Marshalltown had a senior student-manager with special needs that year. As a reward, coach Mike Loupee inserted him into the lineup in the exhibition heat of the 50 freestyle. The young man was thrilled and could not wait for his turn in the water.

The five other boys finished before he made the turn, but once he did, something amazing happened. The crowd rose as one, and the deck was lined with swimmers from all schools — some of whom would go on to win state championships that year — boisterously cheering on the laboring Bobcat. When he touched the pad, the place simply erupted, and the joy on his face was forever imprinted in my mind.

I feel blessed to save witnessed both events, and hope it is not another 15 years or so before I see a similar one.

The Bad: At the very moment the first half of Super Bowl 50 ended, I immediately switched channels, and did not return to CBS until a minute into the second half, thus intentionally avoiding the inane display of halftime “entertainment” the NFL foisted on the world.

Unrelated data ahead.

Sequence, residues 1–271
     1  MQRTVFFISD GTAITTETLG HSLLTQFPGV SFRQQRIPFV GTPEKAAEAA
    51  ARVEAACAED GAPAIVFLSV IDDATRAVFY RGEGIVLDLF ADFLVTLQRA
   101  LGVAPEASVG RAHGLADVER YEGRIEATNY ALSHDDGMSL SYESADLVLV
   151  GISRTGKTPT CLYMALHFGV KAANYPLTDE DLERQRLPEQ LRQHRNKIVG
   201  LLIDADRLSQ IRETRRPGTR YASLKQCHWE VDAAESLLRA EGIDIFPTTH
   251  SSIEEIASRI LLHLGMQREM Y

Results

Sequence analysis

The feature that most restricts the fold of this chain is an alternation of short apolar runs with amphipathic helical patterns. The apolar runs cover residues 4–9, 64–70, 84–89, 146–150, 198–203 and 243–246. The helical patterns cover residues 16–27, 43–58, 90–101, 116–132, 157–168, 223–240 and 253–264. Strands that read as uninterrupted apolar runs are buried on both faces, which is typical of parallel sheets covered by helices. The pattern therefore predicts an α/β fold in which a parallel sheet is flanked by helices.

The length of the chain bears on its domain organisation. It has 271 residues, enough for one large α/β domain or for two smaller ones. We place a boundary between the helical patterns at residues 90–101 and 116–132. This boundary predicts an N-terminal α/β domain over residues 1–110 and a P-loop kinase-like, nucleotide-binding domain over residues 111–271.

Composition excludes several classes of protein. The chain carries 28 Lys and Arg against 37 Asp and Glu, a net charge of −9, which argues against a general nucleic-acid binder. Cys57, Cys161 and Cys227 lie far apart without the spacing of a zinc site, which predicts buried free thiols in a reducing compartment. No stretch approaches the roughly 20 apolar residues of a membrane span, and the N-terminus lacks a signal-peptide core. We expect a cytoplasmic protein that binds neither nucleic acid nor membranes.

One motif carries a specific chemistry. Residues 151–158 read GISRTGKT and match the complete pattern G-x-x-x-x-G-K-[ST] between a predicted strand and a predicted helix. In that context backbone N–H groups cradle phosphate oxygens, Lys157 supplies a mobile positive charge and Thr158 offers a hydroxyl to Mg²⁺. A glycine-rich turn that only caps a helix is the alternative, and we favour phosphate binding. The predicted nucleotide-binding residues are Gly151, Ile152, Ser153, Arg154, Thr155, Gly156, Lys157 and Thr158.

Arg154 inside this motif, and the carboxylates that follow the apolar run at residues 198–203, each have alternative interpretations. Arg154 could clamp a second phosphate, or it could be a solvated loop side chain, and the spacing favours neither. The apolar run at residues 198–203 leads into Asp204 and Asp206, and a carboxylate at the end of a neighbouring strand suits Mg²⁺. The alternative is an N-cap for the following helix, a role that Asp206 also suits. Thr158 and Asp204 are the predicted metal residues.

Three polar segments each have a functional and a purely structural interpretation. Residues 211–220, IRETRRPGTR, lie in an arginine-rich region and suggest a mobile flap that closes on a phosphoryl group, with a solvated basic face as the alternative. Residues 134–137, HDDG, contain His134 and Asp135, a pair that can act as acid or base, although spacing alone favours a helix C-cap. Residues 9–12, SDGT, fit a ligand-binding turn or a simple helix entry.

I have since seen clips and read numerous observations. How nice of Beyonce and her dancers to dress like the American terrorist Black Panthers and give the Black Power salute. I wonder what the reaction would be if some white dudes had done something akin to the opposite? Can you imagine the uproar?

Then, of course, there was Coldplay, and I am not even going to go there. Or to Bruno Mars.

Time for the NFL to wise up: AC/DC would do fine for Super Bowl 51.

However, the worst was — surprise! — Scam Newton. He is, you may recall, the guy who dodged court over a stolen laptop computer that got him kicked out of Florida, and then, after a year of penance at a Texas junior college, was embroiled over accusations he accepted (OK, his daddy really did, but what the heck?) $180k to play one year for some school near Montgomery.

Newton looked annoyed and bored during the playing of the national anthem while others nearby stood with hand over heart or were, at least, paying attention.